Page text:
Now, our automated driver is looking at the WordPress login page. We need to help it find where to input the username and password. If you press CTRL+SHIFT+C while on any webpage, the HTML behind it will show. Now you can just browse over the webpage elements, like the login input fields, and see what their CSS selectors, names, and classes are.

If you press CTRL+SHIFT+C on a webpage, the html behind it will show.

So, next, I order the driver to find the HTML element of the username-input field and input my username keys into it. We ask the driver to find the Continue-button and click it. Time for the driver to sleep again, while the page loads the password input field. Afterwards, we ask the driver to find the password input field, input our password, and click the Continue-button a second time. While our automatic login completes, we let the computer sleep some more.

Once we have logged in once, we will remain logged in until the Python program ends, which closes the driver.

Okay, so now that we have a function that logs us in, let’s start downloading our visitor statistics!

The download_traffic function takes in a driver, a date, and a list of dates_downloaded (an empty list by default). First, it checks whether the date to download occurs in dates_downloaded. If so, we do not want to waste time downloading statistics we already have. Otherwise, it puts the driver to work downloading the traffic for the specified date following these steps:

  1. Compile url for the specified date
  2. Driver browses to the webpage of that url
  3. Computer sleeps while the webpage loads
  4. Driver executes script, letting it scroll down to the bottom of the webpage
  5. Driver is asked to find the button to download the visitor statistics in csv
  6. Driver clicks said button
  7. Computer sleeps while the csv is downloaded

If anything goes wrong during these steps, an error message is printed and no document is downloaded. With no document downloaded, our program can try again for that link the next time.

def download_traffic(driver, date, dates_downloaded=[]):
    if date in dates_downloaded:
        print(f'Already downloaded {date} traffic')
    else:
        try:
            print(f'Downloading {date} traffic')
            url = compile_traffic_url(date=date)
            driver.get(url)
            sleep(1)
            driver.execute_script("window.scrollTo(0, document.body.scrollHeight);")
            button = driver.find_element_by_class_name('stats-download-csv')
            button.click()
            sleep(1)
        except:
            print(f'Error during downloading of {date}')

We need one more function to generate the dates_downloaded list of download_traffic. The date_from_filename function below takes in a filename (e.g., paulvanderlaken.com_posts_day_12_28_2019_12_28_2019) and searches for a regular expression date format. The found match is turned into a datetime date using strptime and returned. This allows us to walk through a directory on our computer and see for which dates we have already downloaded visitor statistics. You will see how this works in the main program below.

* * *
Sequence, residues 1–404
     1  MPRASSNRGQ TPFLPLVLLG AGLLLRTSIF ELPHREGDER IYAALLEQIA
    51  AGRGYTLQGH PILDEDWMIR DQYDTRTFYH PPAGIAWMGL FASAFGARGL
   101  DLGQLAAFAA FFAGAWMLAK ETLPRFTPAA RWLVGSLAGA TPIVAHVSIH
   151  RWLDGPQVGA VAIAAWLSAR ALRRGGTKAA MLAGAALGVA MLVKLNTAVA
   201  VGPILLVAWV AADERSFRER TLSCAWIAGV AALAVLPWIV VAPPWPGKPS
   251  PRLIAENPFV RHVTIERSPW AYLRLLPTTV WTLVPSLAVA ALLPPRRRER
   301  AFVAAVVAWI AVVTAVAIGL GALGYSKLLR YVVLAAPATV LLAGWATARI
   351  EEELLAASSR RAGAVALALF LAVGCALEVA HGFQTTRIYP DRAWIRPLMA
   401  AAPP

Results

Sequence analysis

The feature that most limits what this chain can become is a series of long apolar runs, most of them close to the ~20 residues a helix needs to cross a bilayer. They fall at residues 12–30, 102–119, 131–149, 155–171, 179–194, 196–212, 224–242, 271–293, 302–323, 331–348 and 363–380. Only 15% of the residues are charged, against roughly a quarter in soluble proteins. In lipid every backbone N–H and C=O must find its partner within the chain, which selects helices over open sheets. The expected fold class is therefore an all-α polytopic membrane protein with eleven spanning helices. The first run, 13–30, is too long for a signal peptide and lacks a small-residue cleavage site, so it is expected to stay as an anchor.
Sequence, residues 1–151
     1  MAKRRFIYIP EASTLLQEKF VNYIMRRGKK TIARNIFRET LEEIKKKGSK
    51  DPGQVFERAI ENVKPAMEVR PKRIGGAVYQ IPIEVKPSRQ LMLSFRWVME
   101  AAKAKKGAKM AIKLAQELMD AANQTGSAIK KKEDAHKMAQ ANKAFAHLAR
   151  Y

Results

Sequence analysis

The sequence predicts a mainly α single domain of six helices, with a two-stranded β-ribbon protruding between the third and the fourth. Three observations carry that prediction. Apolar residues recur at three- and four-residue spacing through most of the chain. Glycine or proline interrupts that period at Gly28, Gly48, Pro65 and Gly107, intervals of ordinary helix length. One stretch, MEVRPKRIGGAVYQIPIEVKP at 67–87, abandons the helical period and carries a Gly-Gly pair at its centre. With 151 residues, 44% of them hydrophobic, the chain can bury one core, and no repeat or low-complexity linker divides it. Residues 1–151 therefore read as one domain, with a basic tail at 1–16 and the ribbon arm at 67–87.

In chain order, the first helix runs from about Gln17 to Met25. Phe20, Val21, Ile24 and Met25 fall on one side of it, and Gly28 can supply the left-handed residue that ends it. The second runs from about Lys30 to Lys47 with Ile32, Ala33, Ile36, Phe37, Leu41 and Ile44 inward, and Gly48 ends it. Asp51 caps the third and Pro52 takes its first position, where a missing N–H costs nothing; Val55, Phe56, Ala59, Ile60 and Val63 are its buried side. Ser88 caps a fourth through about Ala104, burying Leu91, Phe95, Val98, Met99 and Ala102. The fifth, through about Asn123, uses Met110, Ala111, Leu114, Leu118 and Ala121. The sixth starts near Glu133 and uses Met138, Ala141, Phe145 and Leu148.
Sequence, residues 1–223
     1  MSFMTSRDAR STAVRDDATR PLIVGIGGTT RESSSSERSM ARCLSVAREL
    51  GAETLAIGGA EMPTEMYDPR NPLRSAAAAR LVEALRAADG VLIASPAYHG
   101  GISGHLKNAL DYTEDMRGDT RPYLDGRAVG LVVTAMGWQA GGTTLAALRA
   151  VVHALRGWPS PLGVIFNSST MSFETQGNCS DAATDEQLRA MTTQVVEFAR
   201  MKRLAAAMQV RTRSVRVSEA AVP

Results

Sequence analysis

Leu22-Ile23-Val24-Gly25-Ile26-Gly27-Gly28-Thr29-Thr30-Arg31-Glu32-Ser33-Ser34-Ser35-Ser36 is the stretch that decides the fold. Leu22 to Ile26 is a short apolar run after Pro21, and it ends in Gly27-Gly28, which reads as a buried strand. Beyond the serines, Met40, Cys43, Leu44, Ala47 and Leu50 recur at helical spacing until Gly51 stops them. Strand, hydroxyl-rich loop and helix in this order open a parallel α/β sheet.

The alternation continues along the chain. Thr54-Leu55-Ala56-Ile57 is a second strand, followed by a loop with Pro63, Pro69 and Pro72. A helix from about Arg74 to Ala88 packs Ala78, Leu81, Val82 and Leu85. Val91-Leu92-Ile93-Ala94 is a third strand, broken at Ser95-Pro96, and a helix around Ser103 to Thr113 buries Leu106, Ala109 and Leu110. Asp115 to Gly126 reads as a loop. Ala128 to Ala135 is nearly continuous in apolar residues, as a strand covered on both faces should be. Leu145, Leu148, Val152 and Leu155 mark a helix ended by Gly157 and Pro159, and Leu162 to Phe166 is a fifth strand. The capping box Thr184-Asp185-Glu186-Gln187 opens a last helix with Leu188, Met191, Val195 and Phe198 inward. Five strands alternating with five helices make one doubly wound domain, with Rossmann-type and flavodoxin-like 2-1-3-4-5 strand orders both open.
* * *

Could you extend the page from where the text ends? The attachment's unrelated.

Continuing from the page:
def date_from_filename(filename):
    match = re.search(r'\d{2}_\d{2}_\d{4}', filename)
    date = datetime.strptime(match.group(), '%m_%d_%Y').date()
    return date

Main program

In the end, we combine all these above functions in our main program. Here you will need to change five things to make it work on your computer:

  • path_data – enter a folder path where you want to store the retrieved visitor statistics csv’s
  • path_chromedriver – enter the path to the chromedriver.exe you unpacked
  • first_date – enter the date from which you want to start scraping (by default up to today)
  • username – enter your WordPress username or email address
  • password – enter your WordPress password
if __name__ == '__main__':
    path_data = 'C:\\Users\\paulv\\stack\\projects\\2019_paulvanderlaken.com-anniversary\\traffic-day\\'
    path_chromedriver = 'C:\\Users\\paulv\\chromedriver.exe'

    first_date = datetime(2017, 1, 18).date()
    last_date = datetime.today().date()

    username = "insert_username"
    password = "insert_password"

    driver = get_driver(dir_download=path_data, path_chromedriver=path_chromedriver)

    days_delta = last_date - first_date
    days = [first_date + timedelta(days) for days in range(days_delta.days + 1)]
    dates_downloaded = [date_from_filename(file) for _, _, f in os.walk(path_data) for file in f]

    signing_in(driver, username=username, password=password)

    for d in days:
        download_traffic(driver, d, dates_downloaded)
    driver.close()

If you have downloaded Chromedriver, have copied all the code blocks from this blog into a Python script, and have added in your personal paths, usernames, and passwords, this Python program should work like a charm on your computer as well. By default, the program will scrape statistics from all days from the first_date up to the day you run the program, but this you can change obviously.

Results

For me, the program took about 10 seconds to download one csv consisting of statistics for one day. So three years of WordPress blogging, or 1095 daily datasets of statistics, were extracted in about 3 hours. I did some nice cooking and wrote this blog in the meantime : )

The result after 3 hours of scraping

Compare that to the horror of having to surf, scroll, and click that godforsaken Download data as CSV button ~1100 times!!

The horror button (in Dutch)

Final notes

The main goal of this blog was to share the basic inner workings of this scraper with you, and to give you the same tool to scrape your own visitor statistics.

Now, this project can still be improved tremendously and in many ways. For instance, with very little effort you could add some command line arguments (with argparse) so you can run this program directly or schedule it daily. My next step is to set it up to run daily on my Raspberry Pi.

An additional potential improvement: when the current script encounters no statistics do download for a specific day, no csv is saved. This makes the program try again a next time it is run, as the dates_downloaded list will not include that date. Probably this some minor smart tweaks will solve this issue.

Moreover, there are many more statistics you could scrape of your WordPress account, like external clicks, the visitors home countries, search terms, et cetera.